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Behavioral Risks in Children Born from IVF

In Vitro FertilizationSince the birth of Louise Joy Brown, the first baby born from in vitro fertilization (IVF) on July 25th, 1978, this reproductive technology has spread throughout the world. In fact, it is estimated that over 3,000,000 IVF babies have now been born worldwide! Despite the tremendous success that IVF has led to in helping countless numbers of couples experience the joy of parenthood, there still exists the concern about possible increased health and developmental risks in the subsequent offspring. One such area that has received attention is that of behavioral issues in children conceived with IVF. Recently, Dr. Thomas Molinaro reported his data from a study he performed that addressed this very issue.


Dr. Molinaro studied a total of 213 five‐year old children, and the findings were based on abnormal childhood behaviors as reported by the children’s parents. A validated “Child Behavior Checklist” was used, and the study included 105 children that were born after IVF, and 108 “control” children who were born without IVF treatment. No significant parent‐reported differences in overall abnormal behavior were found between the IVF children (10.5%) and those conceived without IVF (10.2%). In addition, there were no significant differences in the prevalence of individual abnormal behaviors, including anxiety (2.9% in the IVF group versus 4.7% in the non‐IVF group), attention (1.9% in the IVF group versus 0.9% in the non‐IVF group), aggression (1.9% in the IVF group versus 0.9% in the non‐IVF group), and depression (1.9% in the IVF group versus 2.8% in the non‐IVF group). Finally, the 105 IVF‐conceived children were not statistically different than the 108 control children in terms of average gestational age at birth (39.1 versus 39.6 weeks), average weight at birth (3.476 kg versus 3.534 kg), or overall incidence of pregnancy complications (19% versus 15%). The author was reassured by the findings of this study, and concluded that “while the factors involved in childhood development are complex, it is likely that any contribution of assisted reproductive technology is negligible or subtle”.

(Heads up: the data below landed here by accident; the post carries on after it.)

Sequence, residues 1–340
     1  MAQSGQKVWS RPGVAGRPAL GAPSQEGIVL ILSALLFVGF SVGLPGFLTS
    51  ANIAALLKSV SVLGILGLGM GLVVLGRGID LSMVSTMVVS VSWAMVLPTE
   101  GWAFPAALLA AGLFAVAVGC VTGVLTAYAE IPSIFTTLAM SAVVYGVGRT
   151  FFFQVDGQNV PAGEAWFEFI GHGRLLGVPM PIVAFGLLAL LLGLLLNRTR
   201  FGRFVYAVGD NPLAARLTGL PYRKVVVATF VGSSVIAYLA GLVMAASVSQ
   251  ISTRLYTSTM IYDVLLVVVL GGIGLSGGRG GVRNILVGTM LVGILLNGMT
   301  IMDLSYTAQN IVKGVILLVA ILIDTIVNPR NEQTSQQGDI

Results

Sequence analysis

The results of the above research are quite promising in terms of the potential for children born after IVF to experience normal behavioral development as they grow. Further large studies will certainly be needed to confirm these findings, as well as to address other possible developmental issues. However, as with most prior reviews that have been published to date, the benefits of IVF in helping many well deserving patients achieve their dreams of pregnancy still seem to far outweigh any potential small risks of the treatment itself.

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